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Introduction: The aim of this study was to determine the predisposing effect of bovine respiratory syncytial virus (BRSV) on Pasteurella spp. infection in naturally-induced pneumonia in cattle by immunohistochemical labelling.

Material and Methods: Lungs of cattle slaughtered in the slaughterhouse were examined macroscopically, and 100 pneumonic samples were taken. The samples were fixed in 10% neutral formalin and embedded in paraffin by routine methods. Sections 5 μm in thickness were cut. The streptavidin-peroxidase method (ABC) was used to stain the sections for immuno-histochemical examination.

Results: BRSV antigens were found in the cytoplasm of epithelial cells of bronchi, bronchioles, and alveoles and within inflammatory cell debris and inflammatory exudate in bronchial lumens. Pasteurella spp. antigens were detected in the cytoplasm of the epithelial cells of bronchi and bronchioles, and in cells in the lumens of bronchi and bronchioles. Eleven cases were positive for only one pathogen (six for BRSV and five for Pasteurella spp.), while 35 cases were positive for 2 pathogens: BRSV plus P. multocida (n = 21) or M. haemolytica (n = 14).

Conclusion: The presence of high levels of BRSV in dual infections indicates that BSRV may be the main pneumonia-inducing agent and an important predisposing factor for the formation of Pasteurella spp. infections in cattle naturally afflicted with pneumonia.

the microbes are unable to multiply in the host and one dose is not sufficient to stimulate the adaptive immune system ( 2 ). However, not enough information is available regarding multiple doses of inactivated bovine respiratory bacterial vaccines given to young Holstein calves. Here, we report antibody responses to a booster dose of inactivated H. somni , P. multocida , and M. haemolytica vaccines given to young Holstein calves in the field. The main objective of this study was to determine whether the vaccine would overcome maternal immunity, and determine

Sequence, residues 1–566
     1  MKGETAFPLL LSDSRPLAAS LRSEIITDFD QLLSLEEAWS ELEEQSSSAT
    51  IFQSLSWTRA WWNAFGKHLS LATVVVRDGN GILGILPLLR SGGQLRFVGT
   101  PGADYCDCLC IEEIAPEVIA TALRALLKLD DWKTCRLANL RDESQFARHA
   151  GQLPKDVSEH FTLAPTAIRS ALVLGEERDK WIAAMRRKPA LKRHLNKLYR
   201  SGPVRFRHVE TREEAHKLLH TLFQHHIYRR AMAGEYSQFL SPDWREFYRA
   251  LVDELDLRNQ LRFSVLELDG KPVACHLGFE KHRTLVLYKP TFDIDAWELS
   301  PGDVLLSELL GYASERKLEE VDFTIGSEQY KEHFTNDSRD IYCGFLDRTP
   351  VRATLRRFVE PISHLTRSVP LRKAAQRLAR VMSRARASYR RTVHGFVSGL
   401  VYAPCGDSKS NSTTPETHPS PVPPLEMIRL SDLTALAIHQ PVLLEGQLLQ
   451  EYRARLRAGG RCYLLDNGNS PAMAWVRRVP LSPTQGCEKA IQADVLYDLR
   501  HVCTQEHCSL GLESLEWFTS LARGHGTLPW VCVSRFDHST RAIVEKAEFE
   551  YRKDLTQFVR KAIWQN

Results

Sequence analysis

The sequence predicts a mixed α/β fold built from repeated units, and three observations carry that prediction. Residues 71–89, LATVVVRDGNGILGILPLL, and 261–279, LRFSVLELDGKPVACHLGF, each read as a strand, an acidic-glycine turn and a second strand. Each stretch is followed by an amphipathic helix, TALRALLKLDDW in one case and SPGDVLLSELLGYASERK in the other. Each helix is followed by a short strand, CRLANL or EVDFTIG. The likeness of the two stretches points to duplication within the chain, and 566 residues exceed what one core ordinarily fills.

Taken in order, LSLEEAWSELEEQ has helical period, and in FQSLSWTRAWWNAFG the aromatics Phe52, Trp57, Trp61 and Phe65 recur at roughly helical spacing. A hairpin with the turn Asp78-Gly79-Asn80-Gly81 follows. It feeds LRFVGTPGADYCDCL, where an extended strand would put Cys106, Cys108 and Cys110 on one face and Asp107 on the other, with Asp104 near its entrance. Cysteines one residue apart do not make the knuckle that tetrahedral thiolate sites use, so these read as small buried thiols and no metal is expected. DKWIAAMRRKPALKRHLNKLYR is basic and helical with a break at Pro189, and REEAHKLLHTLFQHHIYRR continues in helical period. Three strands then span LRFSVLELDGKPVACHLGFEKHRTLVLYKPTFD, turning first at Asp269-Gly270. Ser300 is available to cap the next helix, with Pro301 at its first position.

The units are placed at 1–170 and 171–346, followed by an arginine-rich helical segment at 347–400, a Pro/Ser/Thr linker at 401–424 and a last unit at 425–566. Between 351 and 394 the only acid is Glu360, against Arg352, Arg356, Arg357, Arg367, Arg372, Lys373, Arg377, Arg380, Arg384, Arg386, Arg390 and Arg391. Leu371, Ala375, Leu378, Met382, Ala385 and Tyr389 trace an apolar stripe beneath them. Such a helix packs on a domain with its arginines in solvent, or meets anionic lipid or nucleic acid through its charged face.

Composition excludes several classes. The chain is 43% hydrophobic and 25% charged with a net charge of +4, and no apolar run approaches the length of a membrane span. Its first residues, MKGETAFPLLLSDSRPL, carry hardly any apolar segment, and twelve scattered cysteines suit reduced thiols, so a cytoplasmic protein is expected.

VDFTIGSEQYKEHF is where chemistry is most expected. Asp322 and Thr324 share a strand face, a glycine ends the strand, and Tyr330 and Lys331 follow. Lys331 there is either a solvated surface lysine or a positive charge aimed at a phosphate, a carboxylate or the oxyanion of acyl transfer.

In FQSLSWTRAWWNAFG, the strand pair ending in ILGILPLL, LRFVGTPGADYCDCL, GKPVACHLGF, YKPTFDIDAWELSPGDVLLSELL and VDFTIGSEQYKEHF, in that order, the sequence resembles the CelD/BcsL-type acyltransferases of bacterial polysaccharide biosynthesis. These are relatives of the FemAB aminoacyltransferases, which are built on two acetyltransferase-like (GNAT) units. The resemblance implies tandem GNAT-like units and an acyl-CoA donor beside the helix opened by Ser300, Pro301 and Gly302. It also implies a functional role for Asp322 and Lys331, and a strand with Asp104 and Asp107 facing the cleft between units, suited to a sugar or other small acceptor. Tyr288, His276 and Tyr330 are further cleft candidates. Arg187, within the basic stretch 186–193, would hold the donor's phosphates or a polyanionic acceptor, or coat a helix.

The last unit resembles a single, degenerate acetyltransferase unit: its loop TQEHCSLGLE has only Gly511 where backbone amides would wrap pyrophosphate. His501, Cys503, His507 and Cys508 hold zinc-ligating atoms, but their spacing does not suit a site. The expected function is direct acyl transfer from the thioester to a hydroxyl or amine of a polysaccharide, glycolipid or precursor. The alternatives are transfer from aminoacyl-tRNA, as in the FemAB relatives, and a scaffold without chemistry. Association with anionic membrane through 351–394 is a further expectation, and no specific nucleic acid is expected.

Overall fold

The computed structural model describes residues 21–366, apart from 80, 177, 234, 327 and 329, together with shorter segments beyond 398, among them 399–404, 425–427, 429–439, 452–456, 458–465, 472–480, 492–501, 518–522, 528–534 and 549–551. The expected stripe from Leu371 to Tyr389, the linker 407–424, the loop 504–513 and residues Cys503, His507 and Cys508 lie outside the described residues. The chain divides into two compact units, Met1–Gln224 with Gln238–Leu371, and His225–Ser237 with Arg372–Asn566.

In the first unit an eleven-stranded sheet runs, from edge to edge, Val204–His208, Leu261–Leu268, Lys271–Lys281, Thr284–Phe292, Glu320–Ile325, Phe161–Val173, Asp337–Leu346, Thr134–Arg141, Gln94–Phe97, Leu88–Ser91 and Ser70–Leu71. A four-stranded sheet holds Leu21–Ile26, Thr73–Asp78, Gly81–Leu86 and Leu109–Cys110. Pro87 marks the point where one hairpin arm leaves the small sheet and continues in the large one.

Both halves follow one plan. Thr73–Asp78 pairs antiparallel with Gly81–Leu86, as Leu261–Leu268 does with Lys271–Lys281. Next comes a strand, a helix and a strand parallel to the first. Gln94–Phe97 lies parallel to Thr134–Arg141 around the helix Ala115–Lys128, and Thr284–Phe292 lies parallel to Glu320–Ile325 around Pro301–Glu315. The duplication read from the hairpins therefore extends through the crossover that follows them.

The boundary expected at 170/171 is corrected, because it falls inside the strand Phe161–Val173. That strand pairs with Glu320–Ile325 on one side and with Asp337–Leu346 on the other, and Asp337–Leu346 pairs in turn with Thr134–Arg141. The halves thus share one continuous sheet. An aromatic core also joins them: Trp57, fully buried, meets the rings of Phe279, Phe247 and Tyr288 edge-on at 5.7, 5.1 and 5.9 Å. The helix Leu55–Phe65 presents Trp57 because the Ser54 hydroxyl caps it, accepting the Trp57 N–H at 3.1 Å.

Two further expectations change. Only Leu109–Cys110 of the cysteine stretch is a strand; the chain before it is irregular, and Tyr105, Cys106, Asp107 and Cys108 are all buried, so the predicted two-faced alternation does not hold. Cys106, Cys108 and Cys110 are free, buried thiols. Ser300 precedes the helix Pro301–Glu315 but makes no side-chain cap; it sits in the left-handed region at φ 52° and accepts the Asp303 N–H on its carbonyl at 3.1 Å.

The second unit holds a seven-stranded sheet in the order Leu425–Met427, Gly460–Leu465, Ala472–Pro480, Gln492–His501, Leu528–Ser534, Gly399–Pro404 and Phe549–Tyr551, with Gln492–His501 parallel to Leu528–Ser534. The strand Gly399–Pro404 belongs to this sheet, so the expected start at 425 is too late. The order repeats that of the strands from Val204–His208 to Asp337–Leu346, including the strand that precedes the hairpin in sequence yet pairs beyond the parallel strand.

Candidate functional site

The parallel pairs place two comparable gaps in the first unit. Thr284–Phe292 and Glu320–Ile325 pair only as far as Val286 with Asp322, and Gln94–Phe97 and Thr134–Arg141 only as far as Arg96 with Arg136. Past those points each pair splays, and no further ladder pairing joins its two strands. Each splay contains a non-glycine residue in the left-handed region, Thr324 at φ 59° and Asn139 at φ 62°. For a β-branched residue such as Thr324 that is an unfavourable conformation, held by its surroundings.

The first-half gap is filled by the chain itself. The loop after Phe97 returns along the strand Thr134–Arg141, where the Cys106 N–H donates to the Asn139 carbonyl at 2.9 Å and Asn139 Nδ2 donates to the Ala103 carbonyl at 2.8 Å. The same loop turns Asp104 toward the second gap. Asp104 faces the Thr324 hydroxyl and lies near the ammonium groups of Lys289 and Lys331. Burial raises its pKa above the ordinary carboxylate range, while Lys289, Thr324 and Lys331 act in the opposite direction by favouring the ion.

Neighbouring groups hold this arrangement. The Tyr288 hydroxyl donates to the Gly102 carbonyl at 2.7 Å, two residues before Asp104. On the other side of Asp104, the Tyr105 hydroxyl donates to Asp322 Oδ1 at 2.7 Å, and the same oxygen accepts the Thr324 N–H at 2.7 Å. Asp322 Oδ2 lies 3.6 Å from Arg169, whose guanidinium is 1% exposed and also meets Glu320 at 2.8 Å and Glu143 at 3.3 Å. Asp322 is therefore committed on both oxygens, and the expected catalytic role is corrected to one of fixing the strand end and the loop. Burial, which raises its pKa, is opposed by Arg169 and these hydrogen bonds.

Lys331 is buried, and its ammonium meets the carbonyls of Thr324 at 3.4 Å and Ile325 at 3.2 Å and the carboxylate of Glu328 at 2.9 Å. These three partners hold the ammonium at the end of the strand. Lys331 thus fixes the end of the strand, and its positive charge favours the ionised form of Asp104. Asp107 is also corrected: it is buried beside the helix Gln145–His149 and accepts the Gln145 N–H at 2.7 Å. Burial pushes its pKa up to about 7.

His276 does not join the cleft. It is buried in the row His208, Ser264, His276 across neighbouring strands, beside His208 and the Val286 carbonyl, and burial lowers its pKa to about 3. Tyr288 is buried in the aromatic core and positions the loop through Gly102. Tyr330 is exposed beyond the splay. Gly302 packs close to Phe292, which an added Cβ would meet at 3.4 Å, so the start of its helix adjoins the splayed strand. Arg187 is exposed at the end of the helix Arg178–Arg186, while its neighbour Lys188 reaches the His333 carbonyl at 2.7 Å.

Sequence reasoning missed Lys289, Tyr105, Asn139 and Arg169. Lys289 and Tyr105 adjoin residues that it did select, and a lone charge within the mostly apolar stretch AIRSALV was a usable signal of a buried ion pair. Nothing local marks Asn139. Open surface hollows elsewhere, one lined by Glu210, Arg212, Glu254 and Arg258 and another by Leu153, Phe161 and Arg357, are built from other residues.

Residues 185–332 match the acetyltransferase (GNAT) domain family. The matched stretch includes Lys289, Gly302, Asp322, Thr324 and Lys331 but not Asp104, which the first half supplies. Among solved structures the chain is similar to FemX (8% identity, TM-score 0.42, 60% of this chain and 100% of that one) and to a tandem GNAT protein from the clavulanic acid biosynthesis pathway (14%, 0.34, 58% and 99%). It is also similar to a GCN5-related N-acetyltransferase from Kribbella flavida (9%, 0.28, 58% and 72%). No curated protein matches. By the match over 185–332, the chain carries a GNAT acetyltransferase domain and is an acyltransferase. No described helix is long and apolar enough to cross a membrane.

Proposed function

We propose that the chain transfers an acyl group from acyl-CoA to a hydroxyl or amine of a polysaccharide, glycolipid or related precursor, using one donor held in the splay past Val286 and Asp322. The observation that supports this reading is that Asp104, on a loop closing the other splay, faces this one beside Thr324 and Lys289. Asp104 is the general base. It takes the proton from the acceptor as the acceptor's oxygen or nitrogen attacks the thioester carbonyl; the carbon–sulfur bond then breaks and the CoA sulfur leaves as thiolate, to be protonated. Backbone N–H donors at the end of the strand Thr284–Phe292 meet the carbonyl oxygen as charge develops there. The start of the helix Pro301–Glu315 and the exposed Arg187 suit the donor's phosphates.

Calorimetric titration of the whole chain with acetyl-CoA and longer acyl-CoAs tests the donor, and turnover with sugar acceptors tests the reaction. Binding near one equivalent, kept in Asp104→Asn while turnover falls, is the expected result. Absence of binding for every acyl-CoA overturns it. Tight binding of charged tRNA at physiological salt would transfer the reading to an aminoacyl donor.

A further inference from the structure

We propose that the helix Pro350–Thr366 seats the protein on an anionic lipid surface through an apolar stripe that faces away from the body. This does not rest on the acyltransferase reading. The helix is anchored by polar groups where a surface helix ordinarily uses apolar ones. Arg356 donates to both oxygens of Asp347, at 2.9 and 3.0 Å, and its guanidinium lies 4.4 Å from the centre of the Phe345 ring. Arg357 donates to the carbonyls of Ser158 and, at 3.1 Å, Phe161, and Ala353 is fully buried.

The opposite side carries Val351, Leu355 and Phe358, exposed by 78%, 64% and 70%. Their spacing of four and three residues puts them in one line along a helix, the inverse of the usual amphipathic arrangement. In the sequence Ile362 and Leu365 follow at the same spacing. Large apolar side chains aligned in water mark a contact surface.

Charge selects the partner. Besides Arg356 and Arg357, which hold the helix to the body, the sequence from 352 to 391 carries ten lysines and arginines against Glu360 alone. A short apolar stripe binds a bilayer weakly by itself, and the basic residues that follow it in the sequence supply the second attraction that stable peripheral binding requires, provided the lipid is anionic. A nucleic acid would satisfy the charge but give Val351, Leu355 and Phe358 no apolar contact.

The expressions of cytokines mRNA, including interleukin-4 (IL-4), interleukin- 17A (IL-17A) and interferon-gamma (IFN-γ), their master regulatory transcription factors, and signal transducers and activator of transcription (STAT) stimulated in vitro with Pasteurella (P.) multocida soluble antigen were examined in peripheral blood mononuclear cells (PBMC) from Holstein calves. The healthy Holstein calves were divided into three groups; 2 weeks old (2W Group, N=8), 6 weeks old (6W Group, N=8), and 10 weeks old (10W Group, N=8). PBMC were stimulated in vitro by soluble antigen of P. multocida. There were significantly lower expressions of IFN-γ, IL-4, and STAT-6 mRNA of PBMC stimulated with P. multocida soluble antigen in the 2W Group compared to that in the 10W Group. Expression of IL-17A and IFN-γ in PBMC stimulated with P. multocida soluble antigen were significantly higher compared with the PBMC without stimulation in the 6W groups. The results of the present study demonstrated that 2W old calves had decreased cytokine expression of PBMC when in vitro stimulated with P. multocida soluble antigen in vitro.